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AILA Doc. No. 20121639 | Dated December 16, 2020
On December 14, a federal judge granted the plaintiffs’ motion for summary judgment against DOL’s interim final rule issued on October 8, 2020, that changed the prevailing wage rates. AILA Secretary Jeff Joseph explains the significance of this win.
On Monday, the District Court in D.C. decided AILA's lawsuit in Purdue University, et al., v. Scalia, et al. that challenges the Department of Labor's rulemaking in regard to new wages. And essentially, we were making two arguments in that lawsuit. The first argument we were making was that the government should have gone through the proper procedures of notice and comment under the Administrative Procedures Act before implementing the rule. As you recall what the Department of Labor did in this rule was, they dispensed with notice and comment and went immediately to interim final rule and made the rule effective within 48 hours. And AILA challenged that rule on two substantive grounds. The first is notice and comment, the government should have gone through APA, and then the second is that we made several legal challenges to the rule, substantive legal challenges, based on the fact that methodology was faulty, that it contradicted the other areas of the law, and so we made several different challenges. What ended up happening with the case is that we agreed that with regard to the notice and comment claim, the APA rulemaking, that we would proceed straight to summary judgment. In other words, the court didn't need to decide the injunction or anything, we could move straight to summary judgement in that issue.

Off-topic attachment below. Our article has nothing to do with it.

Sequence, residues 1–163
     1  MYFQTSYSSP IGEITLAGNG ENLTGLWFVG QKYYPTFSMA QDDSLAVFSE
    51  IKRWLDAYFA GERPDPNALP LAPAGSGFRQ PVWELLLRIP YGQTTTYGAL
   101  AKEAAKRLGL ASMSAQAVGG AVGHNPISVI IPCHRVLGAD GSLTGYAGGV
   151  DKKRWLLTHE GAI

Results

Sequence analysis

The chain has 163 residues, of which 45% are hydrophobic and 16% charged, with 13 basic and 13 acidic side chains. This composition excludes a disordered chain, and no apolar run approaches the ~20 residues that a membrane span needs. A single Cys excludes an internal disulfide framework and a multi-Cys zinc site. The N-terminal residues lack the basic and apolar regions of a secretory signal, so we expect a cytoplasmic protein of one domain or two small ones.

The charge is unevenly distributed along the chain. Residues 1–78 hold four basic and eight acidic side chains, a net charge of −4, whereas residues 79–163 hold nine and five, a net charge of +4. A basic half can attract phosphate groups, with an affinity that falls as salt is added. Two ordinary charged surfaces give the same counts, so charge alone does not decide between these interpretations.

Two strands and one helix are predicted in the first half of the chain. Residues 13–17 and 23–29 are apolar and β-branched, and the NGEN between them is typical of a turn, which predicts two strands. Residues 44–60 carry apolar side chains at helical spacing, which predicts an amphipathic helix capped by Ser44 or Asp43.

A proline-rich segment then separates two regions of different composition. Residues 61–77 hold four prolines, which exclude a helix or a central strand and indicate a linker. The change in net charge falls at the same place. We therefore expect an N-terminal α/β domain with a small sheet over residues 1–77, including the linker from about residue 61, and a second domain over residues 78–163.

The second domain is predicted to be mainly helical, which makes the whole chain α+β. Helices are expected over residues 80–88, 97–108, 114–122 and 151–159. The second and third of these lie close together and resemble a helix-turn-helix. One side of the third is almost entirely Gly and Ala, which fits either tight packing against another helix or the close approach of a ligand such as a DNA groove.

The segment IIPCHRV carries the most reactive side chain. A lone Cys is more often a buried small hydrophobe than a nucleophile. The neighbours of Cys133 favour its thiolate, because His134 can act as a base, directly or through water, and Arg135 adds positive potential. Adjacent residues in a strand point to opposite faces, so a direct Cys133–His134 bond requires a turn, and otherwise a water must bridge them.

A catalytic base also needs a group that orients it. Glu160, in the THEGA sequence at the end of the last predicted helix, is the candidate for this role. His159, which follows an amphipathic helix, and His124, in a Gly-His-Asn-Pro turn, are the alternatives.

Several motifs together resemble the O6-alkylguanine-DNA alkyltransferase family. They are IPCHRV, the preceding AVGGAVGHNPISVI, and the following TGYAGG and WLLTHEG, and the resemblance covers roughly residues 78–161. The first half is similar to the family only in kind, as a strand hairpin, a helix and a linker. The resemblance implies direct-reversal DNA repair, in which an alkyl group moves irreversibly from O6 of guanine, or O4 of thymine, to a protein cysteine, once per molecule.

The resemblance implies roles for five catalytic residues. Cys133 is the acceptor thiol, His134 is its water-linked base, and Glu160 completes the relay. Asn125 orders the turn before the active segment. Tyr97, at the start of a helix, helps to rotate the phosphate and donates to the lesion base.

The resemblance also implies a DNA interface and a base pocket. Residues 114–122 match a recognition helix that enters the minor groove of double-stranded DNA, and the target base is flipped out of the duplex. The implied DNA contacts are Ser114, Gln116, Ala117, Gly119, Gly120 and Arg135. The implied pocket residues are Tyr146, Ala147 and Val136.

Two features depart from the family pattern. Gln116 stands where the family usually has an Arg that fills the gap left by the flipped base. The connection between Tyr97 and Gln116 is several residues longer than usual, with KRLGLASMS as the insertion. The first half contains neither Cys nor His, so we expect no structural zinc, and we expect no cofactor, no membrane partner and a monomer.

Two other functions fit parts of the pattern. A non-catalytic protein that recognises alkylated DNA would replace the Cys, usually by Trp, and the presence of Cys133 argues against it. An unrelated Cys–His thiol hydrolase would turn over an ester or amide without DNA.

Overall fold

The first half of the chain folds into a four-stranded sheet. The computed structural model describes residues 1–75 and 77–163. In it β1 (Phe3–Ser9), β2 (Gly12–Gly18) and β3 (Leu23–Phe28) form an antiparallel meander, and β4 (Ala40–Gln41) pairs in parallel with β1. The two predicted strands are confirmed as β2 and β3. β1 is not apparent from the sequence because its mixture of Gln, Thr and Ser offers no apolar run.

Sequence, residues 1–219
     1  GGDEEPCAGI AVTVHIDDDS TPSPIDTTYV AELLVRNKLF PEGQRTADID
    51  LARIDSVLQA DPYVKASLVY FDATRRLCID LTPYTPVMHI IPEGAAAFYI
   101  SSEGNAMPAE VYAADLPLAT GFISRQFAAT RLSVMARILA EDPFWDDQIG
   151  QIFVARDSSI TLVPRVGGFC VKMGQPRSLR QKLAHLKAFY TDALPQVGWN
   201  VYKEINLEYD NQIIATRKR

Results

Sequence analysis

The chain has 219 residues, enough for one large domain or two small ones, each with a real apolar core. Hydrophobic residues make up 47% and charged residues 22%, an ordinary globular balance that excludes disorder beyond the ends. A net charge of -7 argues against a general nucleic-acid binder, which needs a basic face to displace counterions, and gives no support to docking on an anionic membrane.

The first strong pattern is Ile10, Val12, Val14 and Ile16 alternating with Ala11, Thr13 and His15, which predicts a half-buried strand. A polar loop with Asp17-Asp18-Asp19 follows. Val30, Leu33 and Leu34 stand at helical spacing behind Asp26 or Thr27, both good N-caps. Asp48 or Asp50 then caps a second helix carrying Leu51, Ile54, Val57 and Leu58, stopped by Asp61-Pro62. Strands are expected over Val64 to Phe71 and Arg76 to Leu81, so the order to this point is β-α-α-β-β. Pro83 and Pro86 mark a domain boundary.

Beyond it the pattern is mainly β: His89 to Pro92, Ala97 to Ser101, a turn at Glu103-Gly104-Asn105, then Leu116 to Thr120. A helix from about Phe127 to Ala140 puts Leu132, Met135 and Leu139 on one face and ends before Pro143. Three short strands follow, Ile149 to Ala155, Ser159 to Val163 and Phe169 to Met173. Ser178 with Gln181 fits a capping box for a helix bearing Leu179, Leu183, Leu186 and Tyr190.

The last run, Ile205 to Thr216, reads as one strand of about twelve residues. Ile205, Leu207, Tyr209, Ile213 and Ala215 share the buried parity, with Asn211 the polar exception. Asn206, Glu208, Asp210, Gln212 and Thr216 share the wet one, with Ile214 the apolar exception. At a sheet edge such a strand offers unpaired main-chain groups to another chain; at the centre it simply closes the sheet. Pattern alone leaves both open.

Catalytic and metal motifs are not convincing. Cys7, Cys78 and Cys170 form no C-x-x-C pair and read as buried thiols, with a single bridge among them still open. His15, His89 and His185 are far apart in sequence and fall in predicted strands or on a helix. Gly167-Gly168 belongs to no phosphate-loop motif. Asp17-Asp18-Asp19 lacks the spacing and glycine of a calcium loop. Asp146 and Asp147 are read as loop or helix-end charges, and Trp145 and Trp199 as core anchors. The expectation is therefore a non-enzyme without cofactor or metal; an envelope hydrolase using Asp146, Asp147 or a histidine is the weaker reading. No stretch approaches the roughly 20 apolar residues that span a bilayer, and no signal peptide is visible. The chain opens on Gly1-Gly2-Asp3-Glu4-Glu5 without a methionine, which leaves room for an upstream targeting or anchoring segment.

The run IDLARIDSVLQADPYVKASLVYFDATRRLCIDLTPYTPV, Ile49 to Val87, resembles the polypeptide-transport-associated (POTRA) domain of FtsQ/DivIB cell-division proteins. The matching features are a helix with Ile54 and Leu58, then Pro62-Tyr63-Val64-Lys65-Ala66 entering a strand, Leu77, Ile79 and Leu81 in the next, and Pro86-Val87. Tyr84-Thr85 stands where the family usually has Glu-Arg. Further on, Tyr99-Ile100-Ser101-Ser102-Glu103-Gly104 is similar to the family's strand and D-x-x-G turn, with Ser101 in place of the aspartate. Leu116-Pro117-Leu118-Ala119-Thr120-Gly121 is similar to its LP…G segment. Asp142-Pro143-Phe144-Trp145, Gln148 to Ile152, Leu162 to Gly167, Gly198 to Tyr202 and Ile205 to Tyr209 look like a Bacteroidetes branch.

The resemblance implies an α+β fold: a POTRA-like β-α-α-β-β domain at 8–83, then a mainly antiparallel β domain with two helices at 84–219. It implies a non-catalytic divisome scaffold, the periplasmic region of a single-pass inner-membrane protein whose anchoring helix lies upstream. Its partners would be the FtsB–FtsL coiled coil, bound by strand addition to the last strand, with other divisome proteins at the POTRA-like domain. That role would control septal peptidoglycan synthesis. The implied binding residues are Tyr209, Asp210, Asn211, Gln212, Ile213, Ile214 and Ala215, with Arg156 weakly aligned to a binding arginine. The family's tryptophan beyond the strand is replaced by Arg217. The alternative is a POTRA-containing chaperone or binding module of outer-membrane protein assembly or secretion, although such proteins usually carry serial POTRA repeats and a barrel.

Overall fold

What you should also know, in terms of background, there were two other cases filed, challenging the wage rule. The first was filed by the Chamber, U.S. Chamber in the Northern District of California, and the second lawsuit was filed in New Jersey by tech companies. So, previous to the decision in the Department of Labor case, the Perdue case, we had two other courts that have already ruled that this rulemaking was illegal, that it should be set aside. So, why is our decision in Purdue University, et al., v. Scalia, et al. significant?
Because the court went a little bit further, this time on Monday, when they strike down the rule, not only did they agree with the other courts and find that the governments justifications for the dispensing with rulemaking were invalid and not sufficient to warrant the good-cause exception, but the court also ruled that the Department of Labor must reissue all prevailing wage determinations that relied on that rule methodology between October 8th and the date of the ruling.
So, that's where we are today, the rule has been set aside, we have been ordered to confer with attorneys for the dept of justice to come up with a sensible way to reissue these wages without creating further backlogs from the Department of Labor. So, you should stay tuned as soon as we know how the Department of Labor will handle the reissuances, we will let anyone in AILA know.
I want to take a moment and thank all the dozens of AILA members who helped out on this litigation from drafting comments and to assisting us with analyzing litigation to drafting pleadings and reviewing pleadings, numbers of AILA members helped.
Especially, I want to thank the director of litigation Jesse Bless, and my co-counsel Chuck Kuck and Greg Siskin. We couldn't have done it without all of the volunteers from AILA and I'm very proud of the effort AILA took in this case.
Cite as AILA Doc. No. 20121639.
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